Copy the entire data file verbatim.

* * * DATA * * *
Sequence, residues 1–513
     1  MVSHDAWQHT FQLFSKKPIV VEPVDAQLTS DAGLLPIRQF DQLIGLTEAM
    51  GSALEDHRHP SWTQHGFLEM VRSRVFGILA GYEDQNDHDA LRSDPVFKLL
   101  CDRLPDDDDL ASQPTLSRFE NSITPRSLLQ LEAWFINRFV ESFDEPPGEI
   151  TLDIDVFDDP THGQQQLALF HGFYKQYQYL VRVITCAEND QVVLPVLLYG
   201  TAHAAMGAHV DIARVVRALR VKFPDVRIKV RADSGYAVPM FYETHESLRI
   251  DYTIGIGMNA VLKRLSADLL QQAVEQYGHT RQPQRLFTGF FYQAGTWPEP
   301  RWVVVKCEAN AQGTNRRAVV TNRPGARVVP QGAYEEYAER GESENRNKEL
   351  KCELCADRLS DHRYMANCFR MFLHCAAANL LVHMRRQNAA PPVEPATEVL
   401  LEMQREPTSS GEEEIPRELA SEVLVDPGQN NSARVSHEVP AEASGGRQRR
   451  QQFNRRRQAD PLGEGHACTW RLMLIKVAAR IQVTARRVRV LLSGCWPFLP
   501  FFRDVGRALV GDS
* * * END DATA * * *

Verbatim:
Sequence, residues 1–513
     1  MVSHDAWQHT FQLFSKKPIV VEPVDAQLTS DAGLLPIRQF DQLIGLTEAM
    51  GSALEDHRHP SWTQHGFLEM VRSRVFGILA GYEDQNDHDA LRSDPVFKLL
   101  CDRLPDDDDL ASQPTLSRFE NSITPRSLLQ LEAWFINRFV ESFDEPPGEI
   151  TLDIDVFDDP THGQQQLALF HGFYKQYQYL VRVITCAEND QVVLPVLLYG
   201  TAHAAMGAHV DIARVVRALR VKFPDVRIKV RADSGYAVPM FYETHESLRI
   251  DYTIGIGMNA VLKRLSADLL QQAVEQYGHT RQPQRLFTGF FYQAGTWPEP
   301  RWVVVKCEAN AQGTNRRAVV TNRPGARVVP QGAYEEYAER GESENRNKEL
   351  KCELCADRLS DHRYMANCFR MFLHCAAANL LVHMRRQNAA PPVEPATEVL
   401  LEMQREPTSS GEEEIPRELA SEVLVDPGQN NSARVSHEVP AEASGGRQRR
   451  QQFNRRRQAD PLGEGHACTW RLMLIKVAAR IQVTARRVRV LLSGCWPFLP
   501  FFRDVGRALV GDS